Having watched the Today show or one of the morning talk shows this morning with warnings about flood cars, you have to think about two things:
- Other than “eye candy,” did the “consumer” reporter know what she was talking about?
- Did anyone on the show have the foggiest idea about flood cars and how to identify them?
Seem like funny questions?
Granted the questions outlined above may seem like they are funny, but, as they say, here’s the thing: to correctly identify a flood-damaged car takes time because the scam artists selling these beasts know their business and stay about three steps ahead of you.
First, they try to ship most of the flood cars offshore to markets where anything spelled Toyota or Honda for 60 percent off discount is sought after with a vengeance you wouldn’t believe.
That the cars may not make it 50 miles before they burn up, doesn’t seem to phase the buyers, they just know they have a 2012 Toyota Camry for thousands off.
Those who try to sell them here face hurdles that are too numerous to think about and that our “consumer” reporters really don’t have the foggiest idea about.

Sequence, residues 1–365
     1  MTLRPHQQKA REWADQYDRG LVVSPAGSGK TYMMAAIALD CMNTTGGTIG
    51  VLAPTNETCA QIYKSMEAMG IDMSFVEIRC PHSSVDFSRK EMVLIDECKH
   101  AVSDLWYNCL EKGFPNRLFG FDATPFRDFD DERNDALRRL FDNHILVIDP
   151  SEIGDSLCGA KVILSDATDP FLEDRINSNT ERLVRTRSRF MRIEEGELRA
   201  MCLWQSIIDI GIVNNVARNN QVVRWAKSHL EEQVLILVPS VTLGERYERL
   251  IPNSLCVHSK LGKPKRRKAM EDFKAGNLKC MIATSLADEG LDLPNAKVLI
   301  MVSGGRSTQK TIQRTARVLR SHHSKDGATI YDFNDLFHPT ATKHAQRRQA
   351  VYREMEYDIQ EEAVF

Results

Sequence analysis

Our network “consumer” experts – the ones purported to be knowledgeable about cars usually are not – they are given a crash course in what they should be saying by a dealer’s shop manager and then they just parrot back the information they have been given.
That information is a global view with the usual pious platitudes:
- Look for a water mark in the vehicle
- Look for discolor carpeting
- Lift up the carpeting and see if anything creepy or crawly comes out or may just be decaying there
- Look at the leather upholstery and make sure all of the dye colors are the same
- Look under the hood and make sure there are no telltale signs of water (hasn’t anyone heard of steam-cleaning an engine – it does wonders, as does a deionizer for smells)
So what can you do? We’ll continue that one with a column tomorrow – it takes time to make sure you are safe.